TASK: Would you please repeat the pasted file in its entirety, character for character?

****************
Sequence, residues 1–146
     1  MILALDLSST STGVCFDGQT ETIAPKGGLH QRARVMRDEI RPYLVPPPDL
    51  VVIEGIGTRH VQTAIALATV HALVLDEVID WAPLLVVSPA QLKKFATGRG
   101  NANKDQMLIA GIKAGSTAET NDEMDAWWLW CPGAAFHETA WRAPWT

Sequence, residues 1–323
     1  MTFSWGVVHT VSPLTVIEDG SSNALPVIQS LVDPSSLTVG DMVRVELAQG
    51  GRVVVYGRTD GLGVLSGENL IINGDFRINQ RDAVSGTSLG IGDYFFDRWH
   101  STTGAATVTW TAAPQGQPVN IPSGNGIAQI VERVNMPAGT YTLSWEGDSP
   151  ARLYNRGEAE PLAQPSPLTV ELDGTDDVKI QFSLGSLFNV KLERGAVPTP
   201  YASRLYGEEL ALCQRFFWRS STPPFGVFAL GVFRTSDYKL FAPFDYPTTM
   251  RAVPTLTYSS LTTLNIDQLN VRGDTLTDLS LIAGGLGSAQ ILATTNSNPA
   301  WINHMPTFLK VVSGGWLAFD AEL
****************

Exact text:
Sequence, residues 1–146
     1  MILALDLSST STGVCFDGQT ETIAPKGGLH QRARVMRDEI RPYLVPPPDL
    51  VVIEGIGTRH VQTAIALATV HALVLDEVID WAPLLVVSPA QLKKFATGRG
   101  NANKDQMLIA GIKAGSTAET NDEMDAWWLW CPGAAFHETA WRAPWT

Sequence, residues 1–323
     1  MTFSWGVVHT VSPLTVIEDG SSNALPVIQS LVDPSSLTVG DMVRVELAQG
    51  GRVVVYGRTD GLGVLSGENL IINGDFRINQ RDAVSGTSLG IGDYFFDRWH
   101  STTGAATVTW TAAPQGQPVN IPSGNGIAQI VERVNMPAGT YTLSWEGDSP
   151  ARLYNRGEAE PLAQPSPLTV ELDGTDDVKI QFSLGSLFNV KLERGAVPTP
   201  YASRLYGEEL ALCQRFFWRS STPPFGVFAL GVFRTSDYKL FAPFDYPTTM
   251  RAVPTLTYSS LTTLNIDQLN VRGDTLTDLS LIAGGLGSAQ ILATTNSNPA
   301  WINHMPTFLK VVSGGWLAFD AEL